When people ask for my favorite recipe from Genius Desserts—the cookbook I spent two years researching and testing and writing with a whole lot of help from all of you—first, I momentarily freeze. Then, I equivocate. Define “favorite.” Then, I tell them this one.
Well, to be fair to the hundred-plus others gems in the book, what I actually say is: Marcella Hazan’s Croccante was my favorite shocking discovery late one Saturday night, and has become my favorite story to tell. Not just because it’s a simple, deeply flavored brittle you can make from two ingredients (and zero candy thermometers) any time you need to pull a last-minute gift or party-enhancer out of your pantry. That’s all great, but what I really love is the crazy thing you do with a potato.
Genius Desserts Sneak Peek
Marcella Hazan’s Croccante (Two-Ingredient Almond Brittle)
Though this looks like a snappy toffee that was made by an experienced pastry chef or at least a home candymaking enthusiast, its sole ingredients are sugar and almond and the only special equipment you need is a potato. No thermometer, no special-order invert sugars, no fancy molds. But that potato is the smartest, most effective way to smooth out hot praline to an even, glassy sheen—so, there, you should invest.
The recipe comes from the late Marcella Hazan, who we can credit, along with her husband and coauthor Victor, for introducing much of America to regional Italian cooking—mostly in savory recipes, but in plenty of memorable desserts, too. When I wrote to Victor to ask for his favorites, croccante topped the list: “I remember someone who wanted to package this praline and distribute it as a candy,” Victor wrote. “It is addictively delicious, and I miss it very much.”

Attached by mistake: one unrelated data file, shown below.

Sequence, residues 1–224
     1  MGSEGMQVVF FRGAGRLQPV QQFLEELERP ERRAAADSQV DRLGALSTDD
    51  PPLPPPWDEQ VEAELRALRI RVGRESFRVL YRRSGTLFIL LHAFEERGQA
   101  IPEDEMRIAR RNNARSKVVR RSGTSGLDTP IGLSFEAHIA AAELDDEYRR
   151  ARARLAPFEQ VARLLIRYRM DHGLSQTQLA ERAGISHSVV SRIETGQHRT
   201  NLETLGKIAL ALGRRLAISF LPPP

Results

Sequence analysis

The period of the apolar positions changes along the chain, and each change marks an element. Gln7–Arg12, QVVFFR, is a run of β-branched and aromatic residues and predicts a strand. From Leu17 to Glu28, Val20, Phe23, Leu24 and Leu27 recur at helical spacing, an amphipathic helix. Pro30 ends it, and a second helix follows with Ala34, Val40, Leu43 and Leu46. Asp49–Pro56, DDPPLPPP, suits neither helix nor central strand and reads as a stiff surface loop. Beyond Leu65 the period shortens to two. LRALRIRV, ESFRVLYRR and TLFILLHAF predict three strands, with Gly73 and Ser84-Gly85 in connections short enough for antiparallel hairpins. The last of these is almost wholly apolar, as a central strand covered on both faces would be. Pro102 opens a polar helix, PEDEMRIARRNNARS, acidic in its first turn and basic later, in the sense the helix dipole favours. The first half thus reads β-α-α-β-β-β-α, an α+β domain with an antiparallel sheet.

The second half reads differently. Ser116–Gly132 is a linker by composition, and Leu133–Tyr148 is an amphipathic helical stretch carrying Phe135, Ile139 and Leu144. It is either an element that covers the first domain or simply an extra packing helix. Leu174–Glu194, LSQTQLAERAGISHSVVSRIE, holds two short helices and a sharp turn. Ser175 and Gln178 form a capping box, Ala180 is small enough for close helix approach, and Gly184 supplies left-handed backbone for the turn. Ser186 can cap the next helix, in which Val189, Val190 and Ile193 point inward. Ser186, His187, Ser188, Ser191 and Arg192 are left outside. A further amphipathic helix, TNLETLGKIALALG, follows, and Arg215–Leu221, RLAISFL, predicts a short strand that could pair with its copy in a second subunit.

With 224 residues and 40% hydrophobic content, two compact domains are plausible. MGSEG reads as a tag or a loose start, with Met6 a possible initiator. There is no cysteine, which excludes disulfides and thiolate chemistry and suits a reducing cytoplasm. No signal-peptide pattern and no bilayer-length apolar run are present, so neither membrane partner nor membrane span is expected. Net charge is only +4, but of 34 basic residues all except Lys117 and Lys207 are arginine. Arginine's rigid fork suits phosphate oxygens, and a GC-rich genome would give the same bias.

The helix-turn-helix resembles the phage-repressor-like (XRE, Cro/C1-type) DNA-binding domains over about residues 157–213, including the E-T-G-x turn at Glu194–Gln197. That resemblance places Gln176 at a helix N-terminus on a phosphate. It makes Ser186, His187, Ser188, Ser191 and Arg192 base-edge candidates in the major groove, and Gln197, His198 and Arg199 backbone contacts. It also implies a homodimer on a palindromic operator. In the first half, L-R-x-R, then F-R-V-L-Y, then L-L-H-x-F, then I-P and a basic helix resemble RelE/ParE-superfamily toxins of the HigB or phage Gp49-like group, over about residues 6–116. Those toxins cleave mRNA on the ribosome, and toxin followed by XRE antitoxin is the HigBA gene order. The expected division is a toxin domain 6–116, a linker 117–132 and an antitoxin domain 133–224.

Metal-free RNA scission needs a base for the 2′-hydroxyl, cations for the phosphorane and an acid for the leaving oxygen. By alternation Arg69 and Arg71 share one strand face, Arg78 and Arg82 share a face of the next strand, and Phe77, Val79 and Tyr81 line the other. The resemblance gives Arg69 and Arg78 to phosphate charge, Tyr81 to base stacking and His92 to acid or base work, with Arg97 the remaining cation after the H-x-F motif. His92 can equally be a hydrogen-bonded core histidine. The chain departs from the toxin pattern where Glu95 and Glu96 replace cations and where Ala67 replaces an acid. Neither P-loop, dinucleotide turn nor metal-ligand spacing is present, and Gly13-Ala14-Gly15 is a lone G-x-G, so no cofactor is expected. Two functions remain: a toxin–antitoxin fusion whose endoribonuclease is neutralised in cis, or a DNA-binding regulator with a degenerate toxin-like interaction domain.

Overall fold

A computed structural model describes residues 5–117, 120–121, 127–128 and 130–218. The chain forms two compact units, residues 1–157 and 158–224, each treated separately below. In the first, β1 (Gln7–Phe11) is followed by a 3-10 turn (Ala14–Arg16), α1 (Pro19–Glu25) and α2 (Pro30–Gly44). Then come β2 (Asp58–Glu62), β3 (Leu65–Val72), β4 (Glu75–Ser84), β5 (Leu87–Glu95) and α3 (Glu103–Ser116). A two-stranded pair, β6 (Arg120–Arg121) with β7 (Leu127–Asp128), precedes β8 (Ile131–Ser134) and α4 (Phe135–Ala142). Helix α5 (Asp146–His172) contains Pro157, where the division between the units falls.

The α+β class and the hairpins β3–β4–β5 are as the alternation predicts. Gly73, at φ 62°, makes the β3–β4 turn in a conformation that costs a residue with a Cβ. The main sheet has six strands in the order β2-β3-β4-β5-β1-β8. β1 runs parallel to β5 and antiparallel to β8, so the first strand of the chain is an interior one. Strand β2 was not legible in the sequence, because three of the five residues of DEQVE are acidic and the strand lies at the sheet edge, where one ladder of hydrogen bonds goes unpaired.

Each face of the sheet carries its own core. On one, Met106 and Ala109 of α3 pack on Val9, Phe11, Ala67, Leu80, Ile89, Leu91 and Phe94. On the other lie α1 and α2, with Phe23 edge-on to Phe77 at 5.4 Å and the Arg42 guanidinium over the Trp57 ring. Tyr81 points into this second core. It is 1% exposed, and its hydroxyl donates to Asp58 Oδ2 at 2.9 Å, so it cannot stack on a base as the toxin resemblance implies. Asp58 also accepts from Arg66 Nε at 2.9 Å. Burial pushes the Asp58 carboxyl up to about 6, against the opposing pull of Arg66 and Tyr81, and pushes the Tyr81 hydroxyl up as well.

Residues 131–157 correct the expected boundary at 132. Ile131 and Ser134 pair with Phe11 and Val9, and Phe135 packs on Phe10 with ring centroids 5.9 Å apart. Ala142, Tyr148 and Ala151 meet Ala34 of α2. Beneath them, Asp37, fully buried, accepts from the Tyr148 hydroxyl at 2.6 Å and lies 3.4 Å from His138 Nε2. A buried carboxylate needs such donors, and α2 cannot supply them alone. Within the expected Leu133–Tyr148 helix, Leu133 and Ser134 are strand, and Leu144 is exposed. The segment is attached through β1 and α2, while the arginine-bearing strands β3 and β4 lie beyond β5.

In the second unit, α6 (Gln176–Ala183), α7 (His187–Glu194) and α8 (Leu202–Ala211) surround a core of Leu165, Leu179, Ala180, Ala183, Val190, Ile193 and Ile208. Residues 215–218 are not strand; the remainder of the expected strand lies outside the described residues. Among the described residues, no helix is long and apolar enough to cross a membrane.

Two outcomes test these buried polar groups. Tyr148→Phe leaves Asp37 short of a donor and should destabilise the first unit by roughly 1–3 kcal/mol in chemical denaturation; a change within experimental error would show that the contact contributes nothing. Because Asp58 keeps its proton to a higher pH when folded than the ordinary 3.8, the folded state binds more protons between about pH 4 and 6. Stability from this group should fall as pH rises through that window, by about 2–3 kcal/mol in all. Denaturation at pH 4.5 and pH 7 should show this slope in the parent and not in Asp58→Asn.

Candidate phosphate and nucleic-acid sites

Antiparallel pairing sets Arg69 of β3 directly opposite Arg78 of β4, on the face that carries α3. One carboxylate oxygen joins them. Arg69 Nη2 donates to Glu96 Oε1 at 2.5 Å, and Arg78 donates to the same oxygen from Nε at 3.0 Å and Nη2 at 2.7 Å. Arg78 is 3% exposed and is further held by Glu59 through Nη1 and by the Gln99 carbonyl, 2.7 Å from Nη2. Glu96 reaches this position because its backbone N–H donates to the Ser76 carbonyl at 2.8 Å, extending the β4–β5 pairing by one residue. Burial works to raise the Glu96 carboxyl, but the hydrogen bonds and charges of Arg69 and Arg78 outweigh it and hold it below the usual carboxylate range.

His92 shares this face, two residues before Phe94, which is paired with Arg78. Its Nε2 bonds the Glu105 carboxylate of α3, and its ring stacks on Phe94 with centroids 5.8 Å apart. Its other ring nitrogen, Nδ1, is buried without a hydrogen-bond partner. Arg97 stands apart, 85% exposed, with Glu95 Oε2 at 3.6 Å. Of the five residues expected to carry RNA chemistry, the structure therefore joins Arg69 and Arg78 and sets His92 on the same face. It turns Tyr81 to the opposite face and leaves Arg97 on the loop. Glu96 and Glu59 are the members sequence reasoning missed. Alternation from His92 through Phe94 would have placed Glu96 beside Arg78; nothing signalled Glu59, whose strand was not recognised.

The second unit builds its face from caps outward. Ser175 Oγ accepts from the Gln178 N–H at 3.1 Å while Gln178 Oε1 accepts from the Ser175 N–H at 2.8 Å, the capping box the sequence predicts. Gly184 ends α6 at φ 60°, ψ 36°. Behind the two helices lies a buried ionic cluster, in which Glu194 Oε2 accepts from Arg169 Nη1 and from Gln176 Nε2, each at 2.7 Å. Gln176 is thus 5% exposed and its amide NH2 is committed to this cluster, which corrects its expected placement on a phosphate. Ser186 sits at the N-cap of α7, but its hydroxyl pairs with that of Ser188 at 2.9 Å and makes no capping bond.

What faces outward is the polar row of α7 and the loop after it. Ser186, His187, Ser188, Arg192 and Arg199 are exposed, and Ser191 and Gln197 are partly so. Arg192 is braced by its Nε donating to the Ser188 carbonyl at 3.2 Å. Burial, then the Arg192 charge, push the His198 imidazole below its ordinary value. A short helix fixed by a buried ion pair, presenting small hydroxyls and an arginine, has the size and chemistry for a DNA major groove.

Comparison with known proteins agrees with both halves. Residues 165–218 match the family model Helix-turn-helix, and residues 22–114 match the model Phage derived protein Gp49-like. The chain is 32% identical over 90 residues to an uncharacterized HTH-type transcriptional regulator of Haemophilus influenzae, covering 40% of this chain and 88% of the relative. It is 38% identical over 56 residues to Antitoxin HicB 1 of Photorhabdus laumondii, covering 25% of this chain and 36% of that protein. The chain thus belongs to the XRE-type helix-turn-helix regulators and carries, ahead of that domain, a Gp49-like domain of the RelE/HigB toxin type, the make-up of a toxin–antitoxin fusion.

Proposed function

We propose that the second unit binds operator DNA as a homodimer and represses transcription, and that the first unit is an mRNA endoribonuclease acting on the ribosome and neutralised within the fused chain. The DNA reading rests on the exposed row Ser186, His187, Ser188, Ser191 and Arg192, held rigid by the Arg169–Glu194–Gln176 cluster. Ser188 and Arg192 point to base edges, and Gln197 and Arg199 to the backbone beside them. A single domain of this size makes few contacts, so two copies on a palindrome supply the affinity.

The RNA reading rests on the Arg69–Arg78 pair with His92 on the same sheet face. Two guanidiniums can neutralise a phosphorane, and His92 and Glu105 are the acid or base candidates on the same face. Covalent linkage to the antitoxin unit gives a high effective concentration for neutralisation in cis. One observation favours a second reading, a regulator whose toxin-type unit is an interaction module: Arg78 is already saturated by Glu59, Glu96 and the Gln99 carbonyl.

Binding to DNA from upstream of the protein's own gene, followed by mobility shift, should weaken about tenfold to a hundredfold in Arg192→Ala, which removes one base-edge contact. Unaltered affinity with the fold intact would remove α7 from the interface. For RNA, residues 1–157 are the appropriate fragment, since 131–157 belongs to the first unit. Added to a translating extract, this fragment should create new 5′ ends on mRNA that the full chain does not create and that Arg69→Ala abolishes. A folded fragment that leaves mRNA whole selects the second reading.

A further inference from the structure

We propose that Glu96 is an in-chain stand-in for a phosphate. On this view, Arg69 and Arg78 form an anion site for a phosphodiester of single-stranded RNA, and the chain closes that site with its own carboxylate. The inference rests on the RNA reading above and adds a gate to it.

But how did Marcella get away with fine candy-making without a drawer of special equipment? When you’re not trying to land precisely on the small temperature window for the soft-crack or hard-ball stage, you don’t need the precision of a candy thermometer. Any sugar that has colored this deeply and is unadulterated by cream or butter will have surpassed the hard-crack stage and wind up crunchy and brittle-like. You need only watch the color—the caramel should be deep brown, and the almonds golden (which will indicate a rich, bittersweet caramel and well-toasted, nutty flavor, respectively). And handle it with respect and care, because you definitely don’t want it to splatter on anything that isn’t heatproof (including you).
• 1 1/4 cups (170g) whole blanched almonds (or 1 1/2 cups/170g slivered, but not sliced)
• 1 teaspoon vegetable oil
• 1 cup plus 2 tablespoons (225g) sugar
• 1 large potato, washed and dried well, and cut in half crosswise
See the full recipe on Food52.
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